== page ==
TICKETED SESSIONS | Clinical Intervention Training

53rd Annual Convention 2019 |
Clinical Intervention Training
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CIT 1: Thursday, November 21 | 8:30 a.m. - 5:00 p.m.

Applying Exposure Principles to the Treatment of Depression: Exposure-Based Cognitive Therapy

Adele M. Hayes, Ph.D., University of Delaware

Charlotte Yasinski, Ph.D., Emory University School of Medicine

Adele Hayes developed Exposure-Based Cognitive Therapy (EBCT) and is the Director of the Depression and Wellness Program at the University of Delaware. Her research focuses on identifying common processes that inhibit and facilitate therapeutic change in treatments for depression and PTSD. Dr. Hayes has received national and international funding to conduct the foundational studies of EBCT, which has now been evaluated in two small clinical trials and a recent randomized controlled trial conducted in Switzerland. She is continuing her research on mechanisms of therapeutic change in the context of several clinical trials in the United States and England. She is a former Associate Editor of Journal of Consulting and Clinical Psychology and Cognitive Therapy and Research for her expertise in psychotherapy research and development.

Dr. Carly Yasinski is a licensed clinical psychologist and assistant professor in the Department of Psychiatry and Behavioral Sciences at Emory University School of Medicine. She specializes in the treatment of depression and PTSD using exposure-based approaches and was instrumental in helping to refine the exposure-based components of EBCT. Her research interests focus on better understanding the process of change during psychotherapy for these disorders and improving clinical outcomes.

Participants earn 7 continuing education credits.

Minimal to Moderate level of familiarity with the material

Categories: Adult Depression, Treatment-CBT

Keywords: Depression, Exposure, Change Processes/Mechanisms, CBT

Antidepressants and psychotherapy are only about 50% effective, and recurrence rates are as high as 90% by the third episode. Holtzheimer and Mayberg (2011) urge a rethinking of depression as a persistent tendency to become "stuck in a rut" when negative mood states are activated. Treatment must therefore disrupt the processes associated with entering and staying in that rut. Exposure-based cognitive therapy (EBCT) integrates cognitive behavioral therapies for depression with principles of exposure, emotional processing, and inhibitory learning from the treatment of anxiety disorders. EBCT targets key factors that maintain depression (unproductive processing, avoidance, and impaired reward sensitivity and processing). It also facilitates their more adaptive counterparts (constructive emotional processing, distress tolerance, and the ability to sustain and process positive emotions), which together can serve inhibitory functions to prevent relapse. Exposure principles are applied in: (a) weekly narratives to facilitate processing of depressive material, (b) mindfulness exercises to promote distress tolerance, (c) imaginal exposure exercises to facilitate constructive processing of memories related to defectiveness, worthlessness, and failure, and (d) exposure exercises to activate and process positive emotions and related fear and avoidance. CIT participants will learn techniques to reduce depression-maintaining processes and promote emotional processing and inhibitory learning.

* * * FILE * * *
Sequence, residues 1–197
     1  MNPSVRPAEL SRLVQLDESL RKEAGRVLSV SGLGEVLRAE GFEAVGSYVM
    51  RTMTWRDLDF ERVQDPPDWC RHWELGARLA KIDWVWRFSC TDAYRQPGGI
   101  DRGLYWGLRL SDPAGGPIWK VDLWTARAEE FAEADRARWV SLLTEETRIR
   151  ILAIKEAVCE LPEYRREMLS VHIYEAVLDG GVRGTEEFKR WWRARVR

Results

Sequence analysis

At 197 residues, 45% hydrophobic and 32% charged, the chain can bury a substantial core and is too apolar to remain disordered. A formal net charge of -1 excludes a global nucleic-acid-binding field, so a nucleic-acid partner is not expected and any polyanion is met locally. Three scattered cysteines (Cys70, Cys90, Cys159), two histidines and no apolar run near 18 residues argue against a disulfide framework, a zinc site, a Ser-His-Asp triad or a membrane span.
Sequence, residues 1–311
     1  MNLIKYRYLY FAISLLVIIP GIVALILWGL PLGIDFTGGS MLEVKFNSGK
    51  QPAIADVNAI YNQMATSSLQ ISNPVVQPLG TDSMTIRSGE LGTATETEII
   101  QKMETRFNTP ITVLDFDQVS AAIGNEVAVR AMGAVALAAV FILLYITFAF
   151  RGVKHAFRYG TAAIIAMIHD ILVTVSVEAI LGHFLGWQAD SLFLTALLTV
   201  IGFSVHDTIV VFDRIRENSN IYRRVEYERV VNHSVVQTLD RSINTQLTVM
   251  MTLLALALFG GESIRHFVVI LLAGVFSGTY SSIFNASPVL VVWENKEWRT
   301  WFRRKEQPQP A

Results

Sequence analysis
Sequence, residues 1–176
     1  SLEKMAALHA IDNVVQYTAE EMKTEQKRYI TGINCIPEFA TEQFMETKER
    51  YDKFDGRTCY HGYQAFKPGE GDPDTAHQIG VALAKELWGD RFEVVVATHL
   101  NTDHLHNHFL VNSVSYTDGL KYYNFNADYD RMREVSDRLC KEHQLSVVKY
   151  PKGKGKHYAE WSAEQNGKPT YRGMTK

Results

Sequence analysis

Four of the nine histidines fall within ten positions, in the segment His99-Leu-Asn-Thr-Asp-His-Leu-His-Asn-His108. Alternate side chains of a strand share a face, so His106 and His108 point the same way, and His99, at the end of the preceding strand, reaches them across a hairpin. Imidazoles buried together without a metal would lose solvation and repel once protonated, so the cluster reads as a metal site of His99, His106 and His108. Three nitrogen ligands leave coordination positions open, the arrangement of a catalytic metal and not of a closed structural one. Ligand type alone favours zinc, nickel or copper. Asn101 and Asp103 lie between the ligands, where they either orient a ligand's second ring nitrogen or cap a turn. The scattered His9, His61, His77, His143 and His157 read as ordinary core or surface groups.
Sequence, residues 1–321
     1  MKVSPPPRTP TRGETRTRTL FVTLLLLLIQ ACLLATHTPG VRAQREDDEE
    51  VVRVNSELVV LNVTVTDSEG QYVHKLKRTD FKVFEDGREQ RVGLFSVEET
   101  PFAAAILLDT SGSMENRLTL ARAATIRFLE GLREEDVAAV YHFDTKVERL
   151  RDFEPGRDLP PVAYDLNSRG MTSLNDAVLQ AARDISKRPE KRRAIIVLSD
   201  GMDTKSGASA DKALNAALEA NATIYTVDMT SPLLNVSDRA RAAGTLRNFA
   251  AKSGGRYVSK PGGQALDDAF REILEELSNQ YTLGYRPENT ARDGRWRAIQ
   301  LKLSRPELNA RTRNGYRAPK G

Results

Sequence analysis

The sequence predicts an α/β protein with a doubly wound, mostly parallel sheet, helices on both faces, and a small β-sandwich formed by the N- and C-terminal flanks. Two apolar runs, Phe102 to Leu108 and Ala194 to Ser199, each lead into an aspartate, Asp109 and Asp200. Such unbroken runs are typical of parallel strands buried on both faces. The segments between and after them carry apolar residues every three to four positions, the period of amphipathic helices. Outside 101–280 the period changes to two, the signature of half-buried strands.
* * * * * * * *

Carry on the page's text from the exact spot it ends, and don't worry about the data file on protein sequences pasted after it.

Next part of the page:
At the end of this session, the learner will be able to:

  • Describe the foundational principles of exposure, emotional processing, and inhibitory learning from the treatment of anxiety disorders.
  • Adapt these principles to depression, given the problems of hopelessness, rumination, overgeneralization, and suicidality.
  • Practice techniques to reduce chronic unproductive processing and improve distress tolerance, problem-solving, and healthy lifestyle behaviors.
  • Apply exposure principles to facilitate emotional processing and inhibitory learning in depression.
  • Engage and strengthen positive emotion system in depression.
Recommended Readings:

Aafjes-van Doorn, K., & Barber, J.P. (2017). Systematic review of in-session affect experience in cognitive behavioral therapy for depression. Cognitive Therapy and Research, 41, 807-828.

Hayes, A. M. (2015). The application of principles of exposure to the treatment of depression. In C. Beevers (Ed.), Depression, special issue of Current Opinion in Psychology, 4, 61-66.

Hayes, A. M., Feldman, G., Beevers, C., Laurenceau, J. P., Cardaciotto, L., & Lewis-Smith (2007). Discontinuities and cognitive changes in exposure-based cognitive therapy for depression. Journal of Consulting and Clinical Psychology, 75, 409-421.

Hayes, A. M., Ready, C. B., & Yasinski, C. (2014). Exposure to emotion in depression: Exposure-based cognitive therapy. In N. Thoma & D. McKay (Eds.), Working with emotion in cognitive behavioral therapy: Techniques for clinical practice (pp. 121-145). New York: Guilford.

Hayes, A. M., Yasinski, C., & Barnes, J. B., & Bockting, C. (2015). Network destabilization and transition in depression: New methods for studying the dynamics of therapeutic change. Clinical Psychology Review, 41, 27-39.